Most of the writing, filing, and sorting of the books in our minds happens beyond our conscious awareness, as though an invisible librarian is constantly ordering the vast catalogue of our knowledge. If you consider that you can read one word of one sentence each day; this fleeting thing we call conscious thinking, and then consider all of what you actually know, then it becomes obvious that the great majority of the ordering process; to write, to file, and store that vast library of our knowledge, must happen in the shadowed background of our minds.

This filing process takes place constantly; well, perhaps it does, it is beyond our awareness, so by definition we cannot ever tell. At the very least, every memory must be recorded, that's what memory means. Every recollection of a memory is recorded too; we don't remember what we don't recall. Do unrecalled memories exist? Yes, but only if and when we recall them. We can't say that they certainly exist when we don't recall them; in that circumstance they are identical to not being there at all. This principle of bringing into existence by observation seems to reflect a quantum-mechanical principle that something exists to the extent it is perceived.

It is clear that our experience of being conscious involves a sense of our own thoughts and memories, not just the sensory experiences of the outside world.

Consider every sense you have; sight, smell, hearing, touch, taste, and how active each sense is at each minute of the day, and how many memories of each sense must be created. It is only then that you can consider the enormity of the work that the human brain must complete, and all without your tiny fragment of experience of the now that we call consciousness.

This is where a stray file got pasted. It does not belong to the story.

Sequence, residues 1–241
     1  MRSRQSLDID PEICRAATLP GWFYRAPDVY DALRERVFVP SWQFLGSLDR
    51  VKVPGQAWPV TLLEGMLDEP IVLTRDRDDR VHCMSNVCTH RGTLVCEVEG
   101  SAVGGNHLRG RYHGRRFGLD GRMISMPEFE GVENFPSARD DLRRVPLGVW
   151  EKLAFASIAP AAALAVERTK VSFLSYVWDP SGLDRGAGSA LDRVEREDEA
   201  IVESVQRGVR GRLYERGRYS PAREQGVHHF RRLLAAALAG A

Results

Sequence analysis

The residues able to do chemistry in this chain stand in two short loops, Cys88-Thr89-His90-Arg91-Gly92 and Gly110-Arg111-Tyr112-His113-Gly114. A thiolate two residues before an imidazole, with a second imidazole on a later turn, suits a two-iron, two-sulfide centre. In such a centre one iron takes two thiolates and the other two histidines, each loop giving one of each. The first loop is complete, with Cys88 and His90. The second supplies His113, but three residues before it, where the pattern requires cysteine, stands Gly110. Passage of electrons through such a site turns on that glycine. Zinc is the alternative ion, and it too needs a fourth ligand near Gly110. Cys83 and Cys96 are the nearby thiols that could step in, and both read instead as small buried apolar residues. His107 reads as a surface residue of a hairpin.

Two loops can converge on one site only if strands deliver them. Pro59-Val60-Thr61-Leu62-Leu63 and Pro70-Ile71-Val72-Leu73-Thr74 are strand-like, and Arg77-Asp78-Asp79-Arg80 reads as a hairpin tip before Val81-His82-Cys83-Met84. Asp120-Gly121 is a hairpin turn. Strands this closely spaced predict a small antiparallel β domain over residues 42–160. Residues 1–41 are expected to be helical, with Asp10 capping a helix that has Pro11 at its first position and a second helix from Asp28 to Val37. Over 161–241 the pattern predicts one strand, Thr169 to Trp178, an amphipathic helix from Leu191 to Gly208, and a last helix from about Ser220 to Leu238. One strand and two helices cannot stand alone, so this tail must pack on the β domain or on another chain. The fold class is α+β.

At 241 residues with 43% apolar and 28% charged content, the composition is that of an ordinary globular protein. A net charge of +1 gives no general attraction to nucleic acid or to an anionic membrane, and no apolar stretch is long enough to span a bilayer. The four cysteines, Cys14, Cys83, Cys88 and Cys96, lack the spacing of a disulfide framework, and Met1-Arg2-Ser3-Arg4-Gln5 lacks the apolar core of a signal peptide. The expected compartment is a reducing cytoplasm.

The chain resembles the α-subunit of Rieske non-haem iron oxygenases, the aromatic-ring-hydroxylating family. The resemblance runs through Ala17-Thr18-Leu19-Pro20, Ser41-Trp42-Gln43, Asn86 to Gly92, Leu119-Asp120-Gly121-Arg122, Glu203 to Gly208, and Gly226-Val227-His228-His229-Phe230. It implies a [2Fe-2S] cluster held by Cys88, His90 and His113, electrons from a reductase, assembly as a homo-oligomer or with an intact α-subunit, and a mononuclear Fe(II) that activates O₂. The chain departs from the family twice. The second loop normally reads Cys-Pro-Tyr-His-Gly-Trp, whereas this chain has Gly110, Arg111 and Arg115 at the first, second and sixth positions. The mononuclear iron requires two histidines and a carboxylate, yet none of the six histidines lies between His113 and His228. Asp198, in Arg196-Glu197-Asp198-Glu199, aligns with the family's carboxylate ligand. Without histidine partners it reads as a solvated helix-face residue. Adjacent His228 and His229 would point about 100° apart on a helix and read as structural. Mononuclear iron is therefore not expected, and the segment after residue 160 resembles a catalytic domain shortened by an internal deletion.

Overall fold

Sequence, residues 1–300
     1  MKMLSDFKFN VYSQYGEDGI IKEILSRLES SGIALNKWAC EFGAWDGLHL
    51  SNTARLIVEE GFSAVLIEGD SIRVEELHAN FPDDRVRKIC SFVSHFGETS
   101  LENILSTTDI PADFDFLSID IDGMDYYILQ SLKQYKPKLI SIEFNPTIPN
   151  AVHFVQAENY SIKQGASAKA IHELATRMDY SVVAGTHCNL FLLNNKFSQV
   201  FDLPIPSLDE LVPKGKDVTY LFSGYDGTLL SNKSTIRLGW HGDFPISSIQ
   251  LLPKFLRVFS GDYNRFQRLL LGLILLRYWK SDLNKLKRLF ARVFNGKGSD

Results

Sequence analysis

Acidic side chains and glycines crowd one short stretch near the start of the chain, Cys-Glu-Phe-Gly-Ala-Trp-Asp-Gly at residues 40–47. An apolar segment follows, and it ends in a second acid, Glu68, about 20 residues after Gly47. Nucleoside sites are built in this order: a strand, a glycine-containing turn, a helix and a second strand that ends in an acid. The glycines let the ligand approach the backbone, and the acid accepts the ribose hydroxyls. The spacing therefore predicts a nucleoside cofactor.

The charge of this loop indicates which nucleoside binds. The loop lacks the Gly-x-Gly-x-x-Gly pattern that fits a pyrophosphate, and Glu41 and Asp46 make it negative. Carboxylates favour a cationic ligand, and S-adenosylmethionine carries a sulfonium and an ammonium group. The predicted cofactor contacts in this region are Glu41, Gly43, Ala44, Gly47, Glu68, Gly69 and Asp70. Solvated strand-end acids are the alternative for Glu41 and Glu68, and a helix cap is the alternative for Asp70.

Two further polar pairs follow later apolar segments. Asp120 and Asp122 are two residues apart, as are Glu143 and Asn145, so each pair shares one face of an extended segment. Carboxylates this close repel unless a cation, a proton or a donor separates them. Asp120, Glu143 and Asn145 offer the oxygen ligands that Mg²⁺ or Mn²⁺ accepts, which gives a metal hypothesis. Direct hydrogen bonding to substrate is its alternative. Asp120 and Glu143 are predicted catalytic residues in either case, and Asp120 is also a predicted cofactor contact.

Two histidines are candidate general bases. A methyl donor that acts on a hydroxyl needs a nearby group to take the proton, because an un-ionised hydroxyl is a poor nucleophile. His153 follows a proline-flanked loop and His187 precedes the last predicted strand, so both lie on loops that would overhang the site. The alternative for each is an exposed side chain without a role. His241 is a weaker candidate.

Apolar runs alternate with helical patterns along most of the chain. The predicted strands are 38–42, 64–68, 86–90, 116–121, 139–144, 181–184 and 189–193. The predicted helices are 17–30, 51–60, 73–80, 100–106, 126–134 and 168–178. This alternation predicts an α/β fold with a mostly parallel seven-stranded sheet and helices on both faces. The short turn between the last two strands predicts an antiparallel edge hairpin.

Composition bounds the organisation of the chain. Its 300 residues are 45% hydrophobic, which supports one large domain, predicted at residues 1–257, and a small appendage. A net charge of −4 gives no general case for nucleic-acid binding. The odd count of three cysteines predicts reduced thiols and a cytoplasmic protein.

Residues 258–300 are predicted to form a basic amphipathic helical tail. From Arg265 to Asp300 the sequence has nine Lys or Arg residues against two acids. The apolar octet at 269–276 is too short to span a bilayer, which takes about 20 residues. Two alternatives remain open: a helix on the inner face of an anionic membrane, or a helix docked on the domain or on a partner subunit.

The word 'unconscious' has been used over and over again, and even in today's English it can refer to people who look asleep, or are sedated, as well as thoughts that we are not aware of. Here, I define it as those thoughts, those automatic and indirectable actions of the invisible librarian.

If unconscious thoughts are indirectable and not subject to our control, are they creative? Isn't creativity the ability to assess and choose something consciously?

There are degrees of awareness and freedom to control. Is control necessary for creativity? Perhaps one of the main benefits of unconscious creation is that is it not directly controlled, although we can't tell if unconscious thoughts are controlled or not, because, well, they are unconscious, and beyond the gaze of our mental senses. Can we have free will without awareness of it?